During the service, the Ensemble and the Children's Choir sang, the Bell Choir performed, and Megan Smith sang a solo.

So did Marcie Weber Mackey, who came down from Toledo for the occasion.  Forty years before, I played the piano while she directed the Junior Choir.  This morning, I played the piano while she sang "My Tribute."


Here, the Bell Choir is lined up along the choir loft.  On the podium are the Ensemble (white robes) and the Children's Choir (green robes), singing "Let There Be Peace on Earth."  Pastor Joe Rhea is at the far right, listening from the front pew.

After the morning service, we gathered in the church basement for lunch, featuring chicken sandwiches.  For as long as I can remember, these sandwiches have been part of community meals in Richwood (like tuna casseroles in Lake Wobegon), but I've never encountered them anywhere else.  They're sort of like Southern barbecue sandwiches but without the spicy sauce:  just shredded chicken on a bun.  (Click here for the recipe.)

At lunch, GeorgeAnn (right) presented Marcie (center) and me with souvenirs of the hundred-year-old church building.  When a wing of Sunday school rooms was added in 1961, some stained glass windows were removed from the northwest wall and put into storage.  Now they've been made into these prisms.  The one I received measures 6" by 5" and now hangs in my kitchen window.

At 1:00 that afternoon, 73 people returned to the sanctuary for the organ recital.

The program went smoothly enough.  I like to take full advantage of the organ's resources, which other organists are sometimes hesitant to do.  I like to play energetically and dramatically.  And so I did, through arrangements of Debussy and Bach and "Lead On, O King Eternal."  I also enjoyed the interludes of public speaking between the speeches.  These days, I don't get that many opportunities either to play or to lecture.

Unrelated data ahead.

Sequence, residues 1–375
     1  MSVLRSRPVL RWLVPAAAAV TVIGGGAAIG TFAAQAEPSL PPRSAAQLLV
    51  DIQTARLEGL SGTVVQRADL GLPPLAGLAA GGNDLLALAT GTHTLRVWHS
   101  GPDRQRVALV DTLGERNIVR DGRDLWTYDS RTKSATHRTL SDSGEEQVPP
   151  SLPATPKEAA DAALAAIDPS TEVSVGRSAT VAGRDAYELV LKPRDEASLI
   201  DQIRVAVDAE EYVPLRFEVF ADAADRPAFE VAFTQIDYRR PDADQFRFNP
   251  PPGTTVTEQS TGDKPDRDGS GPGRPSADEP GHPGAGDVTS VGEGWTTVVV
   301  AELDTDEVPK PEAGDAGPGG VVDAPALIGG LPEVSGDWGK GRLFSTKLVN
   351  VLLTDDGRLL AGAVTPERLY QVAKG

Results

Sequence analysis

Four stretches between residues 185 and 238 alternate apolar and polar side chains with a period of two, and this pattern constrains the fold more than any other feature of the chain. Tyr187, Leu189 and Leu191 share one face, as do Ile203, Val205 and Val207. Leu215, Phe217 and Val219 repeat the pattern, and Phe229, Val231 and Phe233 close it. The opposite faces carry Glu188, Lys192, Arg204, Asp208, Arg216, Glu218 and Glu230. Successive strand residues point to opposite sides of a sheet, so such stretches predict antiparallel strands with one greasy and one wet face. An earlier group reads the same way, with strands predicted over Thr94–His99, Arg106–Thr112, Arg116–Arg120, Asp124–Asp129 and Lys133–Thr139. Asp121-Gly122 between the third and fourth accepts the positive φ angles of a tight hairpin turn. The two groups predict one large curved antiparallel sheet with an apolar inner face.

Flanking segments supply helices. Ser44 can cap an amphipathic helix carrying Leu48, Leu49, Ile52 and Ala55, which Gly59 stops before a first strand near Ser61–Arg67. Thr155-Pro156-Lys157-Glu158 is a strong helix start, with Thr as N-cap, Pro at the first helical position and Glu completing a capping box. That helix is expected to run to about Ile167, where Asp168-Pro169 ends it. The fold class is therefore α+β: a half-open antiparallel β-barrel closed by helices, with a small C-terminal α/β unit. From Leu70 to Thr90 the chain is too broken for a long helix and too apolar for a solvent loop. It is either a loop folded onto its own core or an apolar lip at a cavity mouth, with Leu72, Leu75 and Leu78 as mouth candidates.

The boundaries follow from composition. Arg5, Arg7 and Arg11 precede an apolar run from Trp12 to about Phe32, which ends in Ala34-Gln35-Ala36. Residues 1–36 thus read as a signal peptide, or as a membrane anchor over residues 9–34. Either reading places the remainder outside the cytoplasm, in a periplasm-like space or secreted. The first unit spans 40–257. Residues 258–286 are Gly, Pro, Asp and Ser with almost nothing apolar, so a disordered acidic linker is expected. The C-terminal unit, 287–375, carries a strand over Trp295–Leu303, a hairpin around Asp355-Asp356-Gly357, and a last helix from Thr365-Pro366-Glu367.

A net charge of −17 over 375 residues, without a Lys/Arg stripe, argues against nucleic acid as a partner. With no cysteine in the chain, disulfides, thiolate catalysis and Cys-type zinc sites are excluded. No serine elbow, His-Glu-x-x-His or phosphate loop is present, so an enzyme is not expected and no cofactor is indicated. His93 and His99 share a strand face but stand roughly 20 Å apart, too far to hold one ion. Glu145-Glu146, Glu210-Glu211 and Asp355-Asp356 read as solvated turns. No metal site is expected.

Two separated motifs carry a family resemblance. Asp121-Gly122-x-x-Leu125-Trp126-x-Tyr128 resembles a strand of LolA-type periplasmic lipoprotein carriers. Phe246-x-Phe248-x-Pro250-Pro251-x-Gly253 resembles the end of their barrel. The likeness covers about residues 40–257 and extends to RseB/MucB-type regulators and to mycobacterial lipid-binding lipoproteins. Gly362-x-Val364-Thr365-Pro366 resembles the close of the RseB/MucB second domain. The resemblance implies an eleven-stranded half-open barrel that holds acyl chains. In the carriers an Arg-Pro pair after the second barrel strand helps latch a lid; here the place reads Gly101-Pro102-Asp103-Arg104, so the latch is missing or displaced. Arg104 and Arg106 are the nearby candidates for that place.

But I was aware of my musical shortcomings.  I sometimes had to resort to "faking it."  If I played one phrase incorrectly, sometimes I'd deliberately make the same mistake in the next phrase so it would at least seem that I had meant to do it that way.

(I remember once playing with a cat that had climbed a very small tree.  Sparring with me from the lowest branch, the cat lost its footing.  To save face, it leapt from the branch to the ground and immediately began sniffing the grass, pretending that it had decided to investigate the lawn.  "No, I didn't fall out of the tree.  I jumped!")

When I listened later that day to a tape of my performance, I heard myself missing notes in almost every measure.  My tempos were unstable; I rushed through the easy parts but slowed down for difficult chords or registration changes.  It wasn't a matter of being out of practice; I played as well as I ever have, but I'm only an amateur.  After half an hour of hearing my recorded clumsiness, I had to clear my head by switching to a public radio station and listening to some actual classical musicians.

On my tape, I also noticed that changes in registration had less effect on the final sound than I thought at the time I was making them.  Maybe it was because while changing the stops, I was sitting only a few feet away from the pipes.  Maybe it was because I was so conscious of the changes that I was making.  For whatever reason, when I'm not playing the organ, it sounds more homogenized.  (I've also noticed this when I listen to someone else play it.)  There's less difference between a string stop and a flute stop and a diapason; while still distinguishable, they're just minor variations of the basic "organ" sound.  And increases and decreases in volume are less extreme, to the point of sometimes being scarcely detectable.  During my demonstration of the different stops, some listeners may have thought to themselves, "all those different pipes sound about the same to me."

But no one said that.  Everyone seemed pleased with the hour-long program.

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I concluded with an arrangement of "How Great Thou Art."


There was enthusiastic applause at the end — a standing ovation, in fact — and many came up afterwards to thank me in person.

I was left with a warm feeling of reconnecting with old friends.  And, though I knew my music could have been better, they sincerely seemed to enjoy it.

Some reminisced about the Thomas family, for example the way my father, in his later years, always answered the question "How are you doing, Vernon?"  He'd reply, "Fine and dandy!"

That's one great thing about being a member of a small community.  It's not necessary to become a masterful orator before you're allowed to give a speech.  It's not necessary to be a first-rate musician before you're allowed to perform.

At the First United Methodist Church that Sunday, farmers and students and housewives and children brought their varied talents together to make a joyful noise, and all who heard it rejoiced.